The volume struck me as underpowered, so I epoxied onto the hammer tails dozens of tungsten disks in the 0.2 to 1 gram range.

The saga of getting them perfectly aligned to the strings in all planes was... wow.

George Winston says he likes the result.


I enjoyed watching and listening to your video very much, An Old Square! It sounded great, and looked even better. What a fantastic job you did restoring it!

My hat is off to you, my friend! smile

Rick

Thank you very very very much. I decided this was the last restoration of my career, and did not care anymore about conventional wisdom or tradition. For example, the nameboard felt is green instead of red, because green contrasted with the rosewood far more interestingly. And so on for the whole thing.

PS Should mention this thing plays 104 notes lol, in case anyone is confused by some of this recording.

The 85 originals, plus, the 19 notes from C3 to F#4, play the octave fifth harmonic of the note being played when the left pedal is depressed instead of the fundamental.

The black rod seen in between the soundboard and strings is part of the mechanism that does that.

The amount of pressure on the left pedal determines the kind of tone the octave fifth harmonic has, from distorted and overdriven to extremely pure.

To date, Santa Fe concert pianist Melanie Monsour is the only person to have spent enough time with the Oct5 Effect (as I call it) to even *begin* to achieve some practical mastery over it.

Working on getting Dave Grusin (client for decades but not recently) to check it out. If anyone can master it it'd be him.

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What kind of wire did you restring it with?


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Originally Posted by WilliamTruitt
What kind of wire did you restring it with?

After researching the uh, heck, out of the options (high tension low tension high carbon low carbon...) and the opinions of others with credibility, I just steel wooled the rust off the original 1859 wires and used them.

There's a few tied off knots in the speaking length of some, but I doubt that affects anything.

wink

Kidding.

KIDDING.

This piano is tuned flat, for a number of complicated reasons, all of which pointed TO tuning it flat. It's 100 cents flat to A-442, settled on that after tuning it to any number of pitches.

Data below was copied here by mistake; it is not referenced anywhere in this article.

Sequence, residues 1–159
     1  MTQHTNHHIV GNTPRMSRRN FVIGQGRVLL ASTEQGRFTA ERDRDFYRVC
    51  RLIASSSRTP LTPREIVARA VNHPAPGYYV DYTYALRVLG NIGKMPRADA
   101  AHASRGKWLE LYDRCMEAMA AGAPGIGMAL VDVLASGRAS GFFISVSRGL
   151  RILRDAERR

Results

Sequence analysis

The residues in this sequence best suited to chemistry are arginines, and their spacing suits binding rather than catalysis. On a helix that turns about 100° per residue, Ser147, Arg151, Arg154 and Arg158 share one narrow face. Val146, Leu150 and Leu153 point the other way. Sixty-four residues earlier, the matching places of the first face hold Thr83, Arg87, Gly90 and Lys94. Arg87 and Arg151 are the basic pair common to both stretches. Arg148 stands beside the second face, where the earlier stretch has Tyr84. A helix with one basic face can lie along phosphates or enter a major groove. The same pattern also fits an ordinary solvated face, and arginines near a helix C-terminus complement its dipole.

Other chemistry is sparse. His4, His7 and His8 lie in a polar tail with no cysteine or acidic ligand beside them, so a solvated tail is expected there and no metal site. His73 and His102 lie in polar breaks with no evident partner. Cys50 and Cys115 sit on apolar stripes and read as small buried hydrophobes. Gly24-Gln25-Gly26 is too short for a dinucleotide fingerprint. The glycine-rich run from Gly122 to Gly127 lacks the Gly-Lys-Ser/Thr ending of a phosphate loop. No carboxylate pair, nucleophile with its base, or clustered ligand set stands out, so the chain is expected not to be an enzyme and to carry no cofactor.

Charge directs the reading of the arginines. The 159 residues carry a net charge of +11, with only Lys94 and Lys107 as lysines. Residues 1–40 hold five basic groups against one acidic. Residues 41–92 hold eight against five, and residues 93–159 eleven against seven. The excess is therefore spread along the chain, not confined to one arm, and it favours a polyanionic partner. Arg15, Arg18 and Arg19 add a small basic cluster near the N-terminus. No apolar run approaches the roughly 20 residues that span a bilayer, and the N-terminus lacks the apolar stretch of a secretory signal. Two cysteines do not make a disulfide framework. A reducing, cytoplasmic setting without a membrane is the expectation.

Did a couple tests in the tenor with Roslau and Mapes Gold, not much diff to my old ears at that tension, so went with Mapes, both for plain wires and bass string duplication.

The stringing scale was off-the-map "why they do that???", so spent some time with the calculator and created a fresh scale which seems to have worked.

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Have you retained the original scale? Chris Chernobieff has an 1860 Steinway Square that he is redoing, and his scale is bonkers also (I have seen it), but it looks like strings were replaced hodge-podge. It would be nice to know what Steinway's intentions were.

Since the 19th century was a time of significant development of the strength of piano wire, it would be nice to know where this piano fell in the scheme of things.


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Not sure how much help I can be. Pretty sure I didn't save my notes about that. Here's what I can remember.

Not one wire was close enough to any modern standard gauge to be very sure, most seemed to be in between sizes. They were the original wires, so I assume there'd been a lot of stretching and therefore thinning. Lots of oxidation and rust on top of that. The handful that'd been replaced were no help, a few were clearly the wrong gauge (as in not close to the original wire gauges, which were themselves useless).

I recall that they'd used (what seems to have been see above) the same gauge for far too many notes before going to the next gauge up or down. Don't recall any I might have called a half-size like 13 1/2, all whole gauges (more or less). I also recall there were no thick gauges like 19 and up. Seem to recall a LOOOOOOOOOONG sequence where they should have switched gauges at least twice but stayed on the same one, maybe 15? It was so off I saw no point to recording it.

There were no penciled in numbers on the bridges, I think but am not sure that I penciled in MY gauges, would have to check, I finished the stringing years ago now.

I am far far FAR from any sort of expert at creating new stringing scales. This was the only piano I was ever really forced to try that with. Did just enough study and research to create one on this. Stubborn pride and "I can do this myself-ness" kept me from reaching to those who ARE pros (like Chris probably is) to get feedback on how well I'd done.

So, I'd be happy to figure out the scale I ended up putting on, but as I said, I'm no authority on designing stringing scales, this was my first last only attempt, and Chris may be better off doing his de novo and not putting too much stock into what I did. But quite happy to share that, for whatever it may be worth. Would have to go look and see. smile